All of Me is the first comedy I watched multiple times to make myself cry with laughter. From there, Steve Martin came into my world in welcomed waves of absurd hilarity: The Jerk, Dirty Rotten Scoundrels, old and new “Saturday Night Live” sketches (that dance with Gilda Radner!) and his stand-up. He’s written awesome books, screenplays and plays. And, if you didn’t know already, he’s an extraordinary banjo player. Lest you think this just another case of some celebrity trying his hand at being a cool musician, I’m telling you now, you’re wrong. Martin has been playing banjo since he was 17 when he used to take 33rpm bluegrass records and slow them down to learn the tunes. He’s used the banjo in stand-up routines as well, but over the years he’s only gotten better. In 2001, he played banjo on Earl Scruggs’ remake of “Foggy Mountain Breakdown,” and the album it was on won a Grammy the following year. In 2009, he put out his own full-length music-only album—sans stand-up material—called The Crow: New Songs for the 5-String Banjo. That album, which included a cameo from Dolly Parton, won a Grammy for Best Bluegrass Album in 2010, and it’s amazing.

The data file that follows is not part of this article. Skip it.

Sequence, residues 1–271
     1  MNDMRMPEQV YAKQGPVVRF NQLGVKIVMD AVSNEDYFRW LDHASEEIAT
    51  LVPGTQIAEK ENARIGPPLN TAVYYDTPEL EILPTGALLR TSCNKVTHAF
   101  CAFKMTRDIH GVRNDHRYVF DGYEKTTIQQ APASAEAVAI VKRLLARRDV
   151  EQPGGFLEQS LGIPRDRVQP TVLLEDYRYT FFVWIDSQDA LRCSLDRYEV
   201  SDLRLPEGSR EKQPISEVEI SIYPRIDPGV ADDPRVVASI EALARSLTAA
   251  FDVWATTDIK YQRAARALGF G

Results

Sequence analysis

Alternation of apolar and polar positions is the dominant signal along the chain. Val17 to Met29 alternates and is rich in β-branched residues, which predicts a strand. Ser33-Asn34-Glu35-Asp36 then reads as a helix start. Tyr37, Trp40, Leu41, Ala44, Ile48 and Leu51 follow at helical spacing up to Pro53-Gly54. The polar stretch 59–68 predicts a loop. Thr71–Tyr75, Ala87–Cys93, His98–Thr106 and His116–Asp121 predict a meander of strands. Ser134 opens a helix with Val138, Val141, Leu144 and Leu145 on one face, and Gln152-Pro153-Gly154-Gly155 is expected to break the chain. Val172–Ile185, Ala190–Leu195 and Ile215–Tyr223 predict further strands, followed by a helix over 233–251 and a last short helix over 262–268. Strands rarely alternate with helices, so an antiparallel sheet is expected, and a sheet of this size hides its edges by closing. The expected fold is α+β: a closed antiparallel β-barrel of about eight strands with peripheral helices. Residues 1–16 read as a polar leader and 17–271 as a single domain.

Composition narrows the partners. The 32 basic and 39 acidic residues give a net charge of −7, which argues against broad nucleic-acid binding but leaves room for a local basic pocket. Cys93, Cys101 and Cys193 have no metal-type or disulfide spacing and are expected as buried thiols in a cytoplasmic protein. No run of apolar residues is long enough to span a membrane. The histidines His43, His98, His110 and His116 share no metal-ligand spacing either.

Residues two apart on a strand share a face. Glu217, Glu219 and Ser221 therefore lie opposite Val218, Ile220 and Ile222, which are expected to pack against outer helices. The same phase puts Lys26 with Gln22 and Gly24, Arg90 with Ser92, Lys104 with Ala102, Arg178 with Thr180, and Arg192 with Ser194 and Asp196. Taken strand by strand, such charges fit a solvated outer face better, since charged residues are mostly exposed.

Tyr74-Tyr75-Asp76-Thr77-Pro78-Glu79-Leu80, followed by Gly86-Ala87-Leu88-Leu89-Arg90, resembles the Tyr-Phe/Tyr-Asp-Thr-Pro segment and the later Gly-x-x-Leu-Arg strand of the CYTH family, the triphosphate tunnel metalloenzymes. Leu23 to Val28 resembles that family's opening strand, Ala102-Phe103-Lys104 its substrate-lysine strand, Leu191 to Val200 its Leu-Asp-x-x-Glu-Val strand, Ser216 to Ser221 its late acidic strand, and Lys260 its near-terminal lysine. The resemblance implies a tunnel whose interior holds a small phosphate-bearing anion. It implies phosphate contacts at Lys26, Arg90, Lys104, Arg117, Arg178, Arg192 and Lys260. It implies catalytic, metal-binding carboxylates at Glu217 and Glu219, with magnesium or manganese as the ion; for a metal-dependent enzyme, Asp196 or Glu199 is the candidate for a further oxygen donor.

That same year, Martin went on “Late Show with David Letterman” and gave out a statue and $50,000 check to a young banjo player named Noam Pikelny. Martin was warm and funny, but mostly selflessly promoting the rising banjo star on the show. When they played dueling banjos sitting next to Letterman, it all started out serious, but then, like an “SNL” skit, Pikelny got fancy with his finger-picking and Martin, in classic Martin deadpan, stared him down as the check in Pikelny’s pocket magically moved back into Martin’s, as if he’d decided to take his money back. It’s funny, and you still get a taste for good banjo-picking.
Martin’s upcoming show in Missoula promises to be a treat for audiences and showcase his sweet mix of comedy and musicianship. Do I have a celebrity crush on Steve Martin after all these years? Obviously. I bet you do, too.
- Erika Fredrickson